I have found that the attitudes of people are more dependent upon the city or region they come from, rather than any formal education. And of course, there are always exceptions to every stereotype.

          4. pics fixer April 13, 2017

            I’m born and raised in a big city. I didn’t notice all the noise and smells until I had to live in San Diego for a while. That was quite the awakening. Once I got hitched and had a kid, it was off to the burbs near the ocean. That helps. I live where it’s quiet and close enough to enjoy all that diversity. Problem solved. When you do it the other way around, it’s quite the shock, huh?

            The thing about being a big city person is you’re always in a rush and you become inpatient. We deal with each other with that as part of us. To a non big city person that can look like arrogance. It’s not. When I was away from that I saw that in myself and calmed down a bit. I still had that city edge but easier to take. So, when dealing with us big city types, give us a little leeway, you won’t regret it.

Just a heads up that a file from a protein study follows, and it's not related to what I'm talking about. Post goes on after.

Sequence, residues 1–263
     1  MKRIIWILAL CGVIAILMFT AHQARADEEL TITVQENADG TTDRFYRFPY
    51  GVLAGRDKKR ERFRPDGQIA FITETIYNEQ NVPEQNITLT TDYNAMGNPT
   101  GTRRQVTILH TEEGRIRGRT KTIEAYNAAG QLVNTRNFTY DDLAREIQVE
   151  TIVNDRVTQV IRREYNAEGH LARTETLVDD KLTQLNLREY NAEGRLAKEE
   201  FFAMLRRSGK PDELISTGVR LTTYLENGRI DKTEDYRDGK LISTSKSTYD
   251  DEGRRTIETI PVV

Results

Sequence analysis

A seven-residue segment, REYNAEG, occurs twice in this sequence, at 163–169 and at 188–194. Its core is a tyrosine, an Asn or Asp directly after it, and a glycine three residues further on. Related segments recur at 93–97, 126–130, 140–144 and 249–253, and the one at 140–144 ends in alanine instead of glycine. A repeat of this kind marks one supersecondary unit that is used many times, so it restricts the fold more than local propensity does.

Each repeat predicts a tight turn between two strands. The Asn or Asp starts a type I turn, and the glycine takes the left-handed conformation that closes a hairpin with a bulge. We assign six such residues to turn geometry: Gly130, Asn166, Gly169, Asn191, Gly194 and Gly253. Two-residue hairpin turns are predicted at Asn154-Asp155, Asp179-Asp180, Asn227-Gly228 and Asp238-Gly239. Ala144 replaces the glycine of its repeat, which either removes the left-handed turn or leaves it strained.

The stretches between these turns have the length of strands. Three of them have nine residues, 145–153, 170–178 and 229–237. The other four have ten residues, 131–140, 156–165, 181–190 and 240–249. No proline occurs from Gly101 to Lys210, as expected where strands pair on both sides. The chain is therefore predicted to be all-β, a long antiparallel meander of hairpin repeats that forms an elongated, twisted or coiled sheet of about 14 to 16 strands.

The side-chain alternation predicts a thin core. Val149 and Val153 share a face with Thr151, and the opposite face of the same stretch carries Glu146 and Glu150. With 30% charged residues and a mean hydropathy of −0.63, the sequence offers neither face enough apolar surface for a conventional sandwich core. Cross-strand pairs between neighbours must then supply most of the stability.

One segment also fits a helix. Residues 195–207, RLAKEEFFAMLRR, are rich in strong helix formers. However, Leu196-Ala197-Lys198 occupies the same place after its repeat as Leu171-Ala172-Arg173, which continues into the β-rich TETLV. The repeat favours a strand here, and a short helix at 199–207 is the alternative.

5. Just A Citizen April 14, 2017

            pics

            I first saw LA around 1966. Didn’t go back until about 2009. I swore I would never go back, being a teen from the country I found it unbelievably crowded. Despite traveling to many places over the years, my return trip did not change my view. It was only worse given the growth in that time frame.

            To clarify the issue of arrogance among some in the cities. It is not the “being in a hurry” that I am talking about. Or even the lack of manners at times. To me arrogance is the attitude of one who deems themselves above others, for what ever reason. Such as Ted Turner’s attitude toward the ranchers of Montana when he decided to buy up land and raise buffalo.

            Or the Californians moving to my state, to have a better life, then lecturing us “rubes” about how backwards we are. Or the New Yorkers who simply think themselves more intellectually and economically sophisticated that us “country bumpkins”. Then of course there are those Texans and their bragging about everything Texas. Although I find Texans to be quite gracious and good mannered, once you get past the Texas thang.